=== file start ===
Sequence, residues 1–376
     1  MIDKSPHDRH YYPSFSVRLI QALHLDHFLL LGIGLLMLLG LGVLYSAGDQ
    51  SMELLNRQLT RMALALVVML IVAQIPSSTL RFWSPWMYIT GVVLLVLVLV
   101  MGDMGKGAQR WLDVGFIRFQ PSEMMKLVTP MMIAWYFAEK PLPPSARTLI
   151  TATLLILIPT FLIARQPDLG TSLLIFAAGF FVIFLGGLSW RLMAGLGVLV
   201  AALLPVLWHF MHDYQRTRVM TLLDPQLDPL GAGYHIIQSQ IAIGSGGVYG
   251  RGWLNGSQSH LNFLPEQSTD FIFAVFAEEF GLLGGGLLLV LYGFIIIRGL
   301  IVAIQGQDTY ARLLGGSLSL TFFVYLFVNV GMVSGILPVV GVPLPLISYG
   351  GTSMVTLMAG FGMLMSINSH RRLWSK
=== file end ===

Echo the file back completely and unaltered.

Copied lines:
Sequence, residues 1–376
     1  MIDKSPHDRH YYPSFSVRLI QALHLDHFLL LGIGLLMLLG LGVLYSAGDQ
    51  SMELLNRQLT RMALALVVML IVAQIPSSTL RFWSPWMYIT GVVLLVLVLV
   101  MGDMGKGAQR WLDVGFIRFQ PSEMMKLVTP MMIAWYFAEK PLPPSARTLI
   151  TATLLILIPT FLIARQPDLG TSLLIFAAGF FVIFLGGLSW RLMAGLGVLV
   201  AALLPVLWHF MHDYQRTRVM TLLDPQLDPL GAGYHIIQSQ IAIGSGGVYG
   251  RGWLNGSQSH LNFLPEQSTD FIFAVFAEEF GLLGGGLLLV LYGFIIIRGL
   301  IVAIQGQDTY ARLLGGSLSL TFFVYLFVNV GMVSGILPVV GVPLPLISYG
   351  GTSMVTLMAG FGMLMSINSH RRLWSK